The People You Meet

Our latest GFW trip found us fishing the different waters in North Park, Colorado. It was an incredible trip in terms of the diversity of fishing we encountered. In five days, we fished a dozen different bodies of water, ranging from small creeks, to medium sized streams, to a big river, and still water lakes. And the fishing gods were kind to me, as I was able to catch fish in all but one.

I was able to net brook trout, rainbows, browns, cuttbows, and grayling…a modified version of the Colorado Grand Slam. The only thing missing was a true cutthroat, but with the addition of the “not always available” grayling, I’m good with the haul. It was an incredible trip in terms of catching.

While our trips more often than not lend themselves to good fishing, one of the aspects that gets overlooked are the interactions we have with others. Some of our best stories and fondest memories are the folks we encounter on the way, whether it be the owner of the place we are renting, or the guy at the local hardware store helping us find a tiny screw we lost from a reel, or the youngster behind the counter in the local fly shop giving us information about the current state of the fisheries near by.

It is this last one that is worth mentioning when I think about this latest GFW trip. There isn’t much to the town of Walden, a couple of gas stations (one that now proudly serves Starbucks coffee, according to the banner hung on the side of the building), a small place to get groceries, and various other places of business that only a small town like this can offer, like a rock shop. It is a quiet and quaint little place where you get the sense that people genuinely keep to themselves and have no problem helping out others in need, because it’s the right thing to do.

If you haven’t been there, it’s worth it for the fishing alone. And North Park Anglers is a great little fly shop that fits the “small town” vibe perfectly. The house we rented, called The Sportsman Paradise, was a perfect fit for six guys intent on doing a lot of fishing. And oddly enough as only a sleepy town like this can offer, the house was rented through the North Park Anglers fly shop. The two are connected. Upon learning this, we felt we HAD to stop in the shop to check it out. Besides, we needed some local intel and the boys needed some supplies.

As the six of us ascended on the little shop called North Park Anglers, we spread out in search of satisfying our needs. Since I have a lot of time off leading up to this annual trip, I take care of my fishing needs long before we embark. My goal upon entering was to find out info about where we should go fishing, so I approached the young lad sitting comfortably behind the register.

He was a LOT younger than me. His name was Rob. Rob was incredibly enthusiastic in greeting us, and he was inhabited with an energy that screams, “Welcome!” It was a great way to open an interaction with strangers, clearly “not from around here.” I asked Rob all the standard questions about fishing: What’s fishing well? Where should we go? What are they feeding on? How’s the mosquitos (lots of good lake fishing brings lots of great mosquito hatches, especially this year when we’ve had more moisture than I can remember)?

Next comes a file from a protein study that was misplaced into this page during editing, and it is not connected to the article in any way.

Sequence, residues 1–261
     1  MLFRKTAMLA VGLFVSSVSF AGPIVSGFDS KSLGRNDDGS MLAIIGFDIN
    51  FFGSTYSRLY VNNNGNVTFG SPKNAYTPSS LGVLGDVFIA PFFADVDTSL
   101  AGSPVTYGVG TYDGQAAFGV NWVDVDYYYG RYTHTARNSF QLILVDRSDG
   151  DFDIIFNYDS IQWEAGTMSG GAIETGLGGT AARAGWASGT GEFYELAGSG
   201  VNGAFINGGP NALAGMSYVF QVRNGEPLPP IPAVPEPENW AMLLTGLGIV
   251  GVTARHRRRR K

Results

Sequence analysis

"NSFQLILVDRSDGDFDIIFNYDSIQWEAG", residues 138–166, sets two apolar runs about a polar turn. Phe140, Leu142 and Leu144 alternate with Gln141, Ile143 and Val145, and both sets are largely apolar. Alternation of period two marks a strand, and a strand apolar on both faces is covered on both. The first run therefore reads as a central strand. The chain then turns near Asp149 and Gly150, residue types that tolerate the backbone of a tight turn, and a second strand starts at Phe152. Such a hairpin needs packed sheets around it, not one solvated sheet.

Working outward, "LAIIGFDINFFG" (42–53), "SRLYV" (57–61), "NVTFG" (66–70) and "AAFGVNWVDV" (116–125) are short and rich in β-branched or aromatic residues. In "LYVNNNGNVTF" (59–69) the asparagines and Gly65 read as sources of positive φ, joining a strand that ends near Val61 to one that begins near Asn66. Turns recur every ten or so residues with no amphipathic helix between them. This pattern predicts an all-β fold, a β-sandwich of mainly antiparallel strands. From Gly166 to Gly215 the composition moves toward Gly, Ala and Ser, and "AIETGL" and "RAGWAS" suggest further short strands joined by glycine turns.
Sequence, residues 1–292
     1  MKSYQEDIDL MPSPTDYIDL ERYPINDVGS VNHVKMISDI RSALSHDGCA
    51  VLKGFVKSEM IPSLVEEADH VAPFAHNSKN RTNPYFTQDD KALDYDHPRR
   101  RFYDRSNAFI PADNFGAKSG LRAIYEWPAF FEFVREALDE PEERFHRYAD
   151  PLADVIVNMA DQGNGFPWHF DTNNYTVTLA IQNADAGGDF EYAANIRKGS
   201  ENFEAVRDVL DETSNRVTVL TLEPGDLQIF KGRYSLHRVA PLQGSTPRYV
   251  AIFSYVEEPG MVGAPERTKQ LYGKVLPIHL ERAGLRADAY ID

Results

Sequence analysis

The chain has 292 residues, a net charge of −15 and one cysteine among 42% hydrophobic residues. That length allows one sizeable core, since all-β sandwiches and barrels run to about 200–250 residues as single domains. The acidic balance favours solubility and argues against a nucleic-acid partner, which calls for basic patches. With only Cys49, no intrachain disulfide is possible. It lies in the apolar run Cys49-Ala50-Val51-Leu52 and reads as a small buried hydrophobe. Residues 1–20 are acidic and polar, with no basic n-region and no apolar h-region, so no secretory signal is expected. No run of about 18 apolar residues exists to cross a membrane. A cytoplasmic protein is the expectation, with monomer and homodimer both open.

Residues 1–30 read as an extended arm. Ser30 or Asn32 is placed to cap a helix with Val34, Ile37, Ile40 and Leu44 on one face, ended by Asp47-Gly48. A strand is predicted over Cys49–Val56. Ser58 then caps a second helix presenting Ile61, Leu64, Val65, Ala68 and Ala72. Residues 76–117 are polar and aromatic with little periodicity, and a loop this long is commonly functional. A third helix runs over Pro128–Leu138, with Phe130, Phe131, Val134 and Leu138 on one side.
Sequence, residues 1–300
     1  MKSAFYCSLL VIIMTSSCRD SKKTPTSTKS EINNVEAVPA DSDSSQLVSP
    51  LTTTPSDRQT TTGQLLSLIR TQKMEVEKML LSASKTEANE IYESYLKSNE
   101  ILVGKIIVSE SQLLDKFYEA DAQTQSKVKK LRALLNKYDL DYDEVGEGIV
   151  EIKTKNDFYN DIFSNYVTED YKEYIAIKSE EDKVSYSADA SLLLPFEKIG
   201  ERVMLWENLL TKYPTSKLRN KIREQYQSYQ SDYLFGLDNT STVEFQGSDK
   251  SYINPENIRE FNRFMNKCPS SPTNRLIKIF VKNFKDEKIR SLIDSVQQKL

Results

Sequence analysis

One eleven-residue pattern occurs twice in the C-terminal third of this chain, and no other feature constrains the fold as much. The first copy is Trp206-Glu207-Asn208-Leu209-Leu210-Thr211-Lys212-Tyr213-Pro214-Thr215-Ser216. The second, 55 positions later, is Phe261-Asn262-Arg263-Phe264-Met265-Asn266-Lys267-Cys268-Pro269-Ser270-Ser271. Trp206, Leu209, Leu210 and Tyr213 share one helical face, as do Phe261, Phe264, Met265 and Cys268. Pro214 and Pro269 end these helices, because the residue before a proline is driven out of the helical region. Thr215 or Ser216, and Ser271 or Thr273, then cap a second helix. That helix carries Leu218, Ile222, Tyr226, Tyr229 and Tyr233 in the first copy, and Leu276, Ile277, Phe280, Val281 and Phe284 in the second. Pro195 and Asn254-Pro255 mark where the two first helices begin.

Rob not only listened to the myriad of questions I bombarded him with, he answered my questions with honesty. Almost everything he told us was true, except for the action on one specific river. But I don’t blame him for that. A fisherman’s ability to predict when the fish will bite is a lot like a weatherman’s ability to predict the weather. You have a general sense of what is most likely to happen, but ultimately Mother Nature has the veto power to change anything.

The best part about this young kid was his passion. He was a fishing junkie, just like me only thirty years younger. He passionately spoke of small streams we should check out during the hot times of the days because the fish are always looking up. He told us stories of the big fish in this lake, and the hogs in that one. He kept it real with his authentic lingo, telling us we would surely encounter “noses up” and “pigs on the take.” It was a refreshing experience, as I found myself drifting in thought to quitting my job, divorcing my family, and buying a place next door to wherever Rob lived here in Walden, so as we could spend the rest of our days fishing together!

Rob pulled out maps and showed me spots to go. That’s going above and beyond, and the kind of authentic experience I look for and hold on to whenever they happen because they are so rare. Most times in a fly shop, there is a guarded feeling of reluctance to share information. It can be frustrating when you aren’t familiar with the area. Rob was different.

Fly-fishing is a community, and I find myself wishing more people would embrace the idea of it the way Rob did. Social connectedness is something that has diminished at an alarming rate in the last 30 to 40 years, causing a massive strain of depression and ill mental health. The crazy thing is that all the research points to Social Capital (social networks, connectedness with others through common social activities) as the most important and influential factor for prosperity, not just financial but for mental wellness. The more social capital a society has, the more prosperous everyone in it is.

Rob buys into it, and so do I. I wish more in the fly-fishing community would be as authentically excited about fishing as Rob and the folks at North Park Anglers are. If you are ever in the Walden area, stop by their shop. They are deserving of your patronage, and say “hey” to Rob.

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